Collins has 'special place' in Welsh rugby

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Lynn McConnell     09 Jun 2015     Getty Images

Welsh rugby writer Delme Parfitt described his impact on the Ospreys side for

Collins and Welsh and British and Irish Lions wing Shane Williams attended a presentation evening at a regional rugby club, Brynamman, to pass out trophies, feature in a Q and A session and undertake the usual autographs and photos demands.

Williams was the local star but Collins was the centre of attention.

"Appreciative punters fell over themselves to offer the New Zealander a drink. He point-blank refused to accept a single one.

"Brynamman said they would sort out Collins' transport from his house to the club. He wouldn't hear of it.

"They offered food. Not necessary.

"Collins simply explained, politely, that to be invited to such occasions was a privilege, that he enjoyed coming and if there were any thank yous in order they were due from him to Brynamman.

"It was an evening that said much about Collins the man, and the impact he had – off the field as well as on it – during the two years he spent in Welsh rugby with the Ospreys," he wrote.

Collins' signing had captured the interest of all followers of regional rugby in Wales.

"Some figures in the rugby fraternity have the capacity to earn a special kind of respect in the hearts and minds of fans from other nations. Collins managed just that with the Welsh."

Collins had played four Tests against Wales, and made his mark with his shattering tackle on Colin Charvis in Hamilton – an incident which saw Tana Umaga attend to the stricken Charvis in a response that was honoured by the Laureus Awards for its sportsmanship.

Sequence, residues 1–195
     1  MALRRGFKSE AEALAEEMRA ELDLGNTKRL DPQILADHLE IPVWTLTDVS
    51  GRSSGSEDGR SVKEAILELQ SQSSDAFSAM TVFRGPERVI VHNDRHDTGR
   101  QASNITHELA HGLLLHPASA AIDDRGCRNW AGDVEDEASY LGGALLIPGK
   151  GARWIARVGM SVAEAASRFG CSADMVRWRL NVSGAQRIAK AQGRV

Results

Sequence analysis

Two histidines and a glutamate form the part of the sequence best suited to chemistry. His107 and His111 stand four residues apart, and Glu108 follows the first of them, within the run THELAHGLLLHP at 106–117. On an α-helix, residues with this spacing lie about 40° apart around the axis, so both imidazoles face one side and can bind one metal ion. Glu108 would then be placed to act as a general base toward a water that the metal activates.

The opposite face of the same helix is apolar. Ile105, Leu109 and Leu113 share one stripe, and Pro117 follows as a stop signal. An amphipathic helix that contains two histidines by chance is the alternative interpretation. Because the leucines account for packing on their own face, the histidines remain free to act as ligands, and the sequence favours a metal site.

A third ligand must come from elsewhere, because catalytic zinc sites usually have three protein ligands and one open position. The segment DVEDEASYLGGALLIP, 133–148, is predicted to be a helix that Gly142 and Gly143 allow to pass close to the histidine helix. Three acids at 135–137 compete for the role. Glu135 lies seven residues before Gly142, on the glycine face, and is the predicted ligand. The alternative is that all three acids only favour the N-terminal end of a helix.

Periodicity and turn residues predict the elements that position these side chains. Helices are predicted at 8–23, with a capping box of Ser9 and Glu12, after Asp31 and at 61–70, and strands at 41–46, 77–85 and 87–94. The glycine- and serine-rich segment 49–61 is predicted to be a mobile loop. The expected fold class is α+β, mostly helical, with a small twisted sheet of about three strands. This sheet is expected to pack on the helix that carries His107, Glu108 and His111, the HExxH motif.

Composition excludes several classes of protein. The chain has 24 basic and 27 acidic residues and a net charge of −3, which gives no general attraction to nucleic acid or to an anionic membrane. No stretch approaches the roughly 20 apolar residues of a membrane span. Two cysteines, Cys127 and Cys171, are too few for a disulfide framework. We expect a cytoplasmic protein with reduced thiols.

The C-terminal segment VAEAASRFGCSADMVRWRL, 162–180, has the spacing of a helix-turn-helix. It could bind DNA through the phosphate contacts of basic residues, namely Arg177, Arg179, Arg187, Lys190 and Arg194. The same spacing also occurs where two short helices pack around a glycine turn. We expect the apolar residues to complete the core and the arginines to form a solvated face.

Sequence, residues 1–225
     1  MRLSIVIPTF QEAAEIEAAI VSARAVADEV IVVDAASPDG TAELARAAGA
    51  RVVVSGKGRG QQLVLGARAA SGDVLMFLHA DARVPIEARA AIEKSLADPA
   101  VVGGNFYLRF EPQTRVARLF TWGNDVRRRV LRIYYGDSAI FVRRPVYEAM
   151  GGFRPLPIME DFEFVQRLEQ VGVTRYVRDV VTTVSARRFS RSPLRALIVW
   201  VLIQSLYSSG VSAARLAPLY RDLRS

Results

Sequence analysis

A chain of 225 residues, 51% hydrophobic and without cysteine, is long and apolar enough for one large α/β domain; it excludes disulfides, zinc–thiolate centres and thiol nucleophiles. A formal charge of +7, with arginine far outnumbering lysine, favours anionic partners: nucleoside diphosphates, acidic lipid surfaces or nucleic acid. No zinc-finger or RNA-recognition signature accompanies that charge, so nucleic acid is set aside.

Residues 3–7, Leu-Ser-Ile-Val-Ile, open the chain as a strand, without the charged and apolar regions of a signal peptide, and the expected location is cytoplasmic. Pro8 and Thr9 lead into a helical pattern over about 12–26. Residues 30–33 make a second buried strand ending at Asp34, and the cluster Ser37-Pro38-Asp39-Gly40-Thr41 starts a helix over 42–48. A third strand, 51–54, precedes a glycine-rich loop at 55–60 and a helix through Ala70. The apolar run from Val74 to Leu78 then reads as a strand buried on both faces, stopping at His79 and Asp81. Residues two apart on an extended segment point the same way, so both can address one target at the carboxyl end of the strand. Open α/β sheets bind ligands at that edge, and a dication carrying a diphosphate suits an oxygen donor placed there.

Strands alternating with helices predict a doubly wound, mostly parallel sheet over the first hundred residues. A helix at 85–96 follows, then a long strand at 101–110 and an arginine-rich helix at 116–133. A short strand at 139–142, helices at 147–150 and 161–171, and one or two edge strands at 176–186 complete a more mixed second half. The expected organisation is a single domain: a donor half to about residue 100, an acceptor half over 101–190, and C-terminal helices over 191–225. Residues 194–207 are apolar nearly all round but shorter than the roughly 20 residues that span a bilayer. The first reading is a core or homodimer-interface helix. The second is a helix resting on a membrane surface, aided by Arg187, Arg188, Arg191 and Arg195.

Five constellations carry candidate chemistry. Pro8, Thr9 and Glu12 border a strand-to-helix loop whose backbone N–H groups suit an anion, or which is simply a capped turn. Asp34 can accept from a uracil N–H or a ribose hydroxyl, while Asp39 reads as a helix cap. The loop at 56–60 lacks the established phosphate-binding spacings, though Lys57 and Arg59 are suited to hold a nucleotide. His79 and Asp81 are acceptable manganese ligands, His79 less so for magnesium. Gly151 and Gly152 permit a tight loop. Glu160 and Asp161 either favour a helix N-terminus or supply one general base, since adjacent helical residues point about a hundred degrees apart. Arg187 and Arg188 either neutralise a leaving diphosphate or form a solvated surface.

"He was a quiet, unassuming character who appeared almost permanently to wear the wide-eyed grin he was often snapped sporting away from the field.

"Collins wasn't a shouter, he wasn't a tea cup thrower, he wasn't somebody who, because of what he'd done in the game felt the need to throw his weight around.

"Instead, Collins made his presence felt in a more subtle way around the Ospreys' training HQ in Llandarcy.

"If he felt things needed changing tactically he would either have a quiet word with the coaches at an opportune moment or speak in a measured way among huddled team-mates when the chance arose. And when he spoke his team-mates, for obvious reasons, listened.

"The important thing was that Collins DID make his presence felt, and the fact he did it with humility only increased the respect others already had for him."

Parfitt said his passing would be felt beyond the Ospreys region, especially in New Zealand and Parfitt noted: "But through so often being the scourge of our nation at Test level, and through what he brought to bear at the Ospreys, Collins secured a special place in the consciousness of Welsh rugby."